Is yoga a good exercise during pregnancy?

Pregnancy is a time of huge physical changes. Beyond just carrying the baby, a woman's body can face many types of complications. One of the most recommended solutions to many of these issues is yoga. Gentle forms of yoga can be a great way for mums to be to keep active, fit, and healthy.

General health

Daily yoga can offer a boost to a woman's general health during pregnancy, and keeping active will help prevent potential health problems. It will also help keep your stress levels down and maintain flexibility. This makes it a great way to prepare for labour, too.

Pelvic pain

As the baby grows, there is increasing weight and pressure on the mother's pelvis. This can cause a serious problem, known as symphysis pubis dysfunction (SPD) or pelvic girdle pain (PGP). In some cases, SPD/PGP can leave a mum to be unable to walk.

Practising yoga throughout pregnancy can strengthen the muscles around the pelvis, as well as the core muscles of the body. This helps support the weight of the baby and can offset some of the problems that cause SPD. If a pregnant woman is already experiencing pelvic pain, yoga can be a great form of exercise to help ease the pain. It is often recommended alongside physiotherapy and osteopathy as the preferred treatment for SPD and PGP.

Mental health

The benefits of yoga for mental health have been well documented. This is no different during pregnancy. In fact, the hormonal changes that occur in pregnancy can cause mental health problems such as depression. Regular yoga can help combat this in a variety of ways.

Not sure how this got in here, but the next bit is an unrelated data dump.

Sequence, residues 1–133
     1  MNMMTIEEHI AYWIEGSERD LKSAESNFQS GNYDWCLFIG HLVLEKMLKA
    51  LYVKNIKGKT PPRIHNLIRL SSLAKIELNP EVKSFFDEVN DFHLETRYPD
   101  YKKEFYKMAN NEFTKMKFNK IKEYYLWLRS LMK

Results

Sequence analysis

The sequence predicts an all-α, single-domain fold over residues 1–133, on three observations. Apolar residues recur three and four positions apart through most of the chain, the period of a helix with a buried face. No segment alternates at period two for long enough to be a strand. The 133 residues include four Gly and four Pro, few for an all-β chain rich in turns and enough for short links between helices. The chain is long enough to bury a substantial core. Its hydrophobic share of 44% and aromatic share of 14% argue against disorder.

The simple act of going to a regular yoga class can help offer a normal schedule. This can be a welcome relief in a schedule full of antenatal appointments. It offers something that is just for mum, and can be a peaceful respite from the stress of preparing for baby's arrival.

Morning sickness

One of the most dreaded parts of pregnancy is morning sickness. Many pregnant women find that keeping active can help with their morning sickness symptoms. Vigorous exercise might be too much, but the gentle option of yoga can be the perfect solution. Certain poses can even aid in digestion, making them an ideal choice for morning sickness.

Even women suffering from hyperemesis gravidarum, a severe and often devastating form of morning sickness, can be helped by yoga. Many sufferers find that the deep breathing exercises taught by yoga can help with nausea and sickness, even if they aren't well enough to do the physical components of yoga.



The biggest benefit of pregnancy yoga has to be the preparation for labour. By keeping active through pregnancy, a woman is more likely to cope with labour better. A strengthened core and pelvic floor, both of which can be targeted in yoga practice, will be a big help when it comes time to face contractions. They can also help with active labour and pushing.

Again, the breathing exercises that can be learned during yoga will also be a big help during labour. Many of the breathing techniques aim to keep you calm and breathing in a regular pattern. Deep breaths are a great way to help cope with pain, making any pain relief you do choose to use more effective.

After birth

While pregnancy yoga can help with many things during the nine months, it can also help after birth. Yoga is a great way to keep fit after the birth of a baby. Many gentle stretches and poses can be done soon after birth, when other forms of exercise are too strenuous for your recovering body.

By starting yoga during pregnancy, you can establish a healthy pattern that can be worked into your postpartum life. Mum and baby yoga sessions can follow on from antenatal yoga, offering a calm and energising bonding experience along with a great workout.


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